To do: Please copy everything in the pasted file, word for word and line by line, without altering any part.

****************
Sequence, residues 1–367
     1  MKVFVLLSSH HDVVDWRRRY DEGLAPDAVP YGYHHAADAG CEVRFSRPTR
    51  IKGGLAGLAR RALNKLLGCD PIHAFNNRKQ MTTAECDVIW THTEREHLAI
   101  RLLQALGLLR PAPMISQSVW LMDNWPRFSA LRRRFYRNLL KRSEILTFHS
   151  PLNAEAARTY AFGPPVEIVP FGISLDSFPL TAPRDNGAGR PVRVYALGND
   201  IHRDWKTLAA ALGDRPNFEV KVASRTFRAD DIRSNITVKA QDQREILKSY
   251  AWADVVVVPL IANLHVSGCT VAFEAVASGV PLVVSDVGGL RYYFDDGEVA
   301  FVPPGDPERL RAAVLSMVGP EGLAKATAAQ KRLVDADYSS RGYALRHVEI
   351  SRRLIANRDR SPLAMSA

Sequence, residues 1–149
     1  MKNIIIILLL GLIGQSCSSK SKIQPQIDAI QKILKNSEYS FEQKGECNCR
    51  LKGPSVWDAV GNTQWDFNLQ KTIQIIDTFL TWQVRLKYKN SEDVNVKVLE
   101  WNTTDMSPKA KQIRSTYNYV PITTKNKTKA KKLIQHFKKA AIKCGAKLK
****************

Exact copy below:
Sequence, residues 1–367
     1  MKVFVLLSSH HDVVDWRRRY DEGLAPDAVP YGYHHAADAG CEVRFSRPTR
    51  IKGGLAGLAR RALNKLLGCD PIHAFNNRKQ MTTAECDVIW THTEREHLAI
   101  RLLQALGLLR PAPMISQSVW LMDNWPRFSA LRRRFYRNLL KRSEILTFHS
   151  PLNAEAARTY AFGPPVEIVP FGISLDSFPL TAPRDNGAGR PVRVYALGND
   201  IHRDWKTLAA ALGDRPNFEV KVASRTFRAD DIRSNITVKA QDQREILKSY
   251  AWADVVVVPL IANLHVSGCT VAFEAVASGV PLVVSDVGGL RYYFDDGEVA
   301  FVPPGDPERL RAAVLSMVGP EGLAKATAAQ KRLVDADYSS RGYALRHVEI
   351  SRRLIANRDR SPLAMSA

Sequence, residues 1–149
     1  MKNIIIILLL GLIGQSCSSK SKIQPQIDAI QKILKNSEYS FEQKGECNCR
    51  LKGPSVWDAV GNTQWDFNLQ KTIQIIDTFL TWQVRLKYKN SEDVNVKVLE
   101  WNTTDMSPKA KQIRSTYNYV PITTKNKTKA KKLIQHFKKA AIKCGAKLK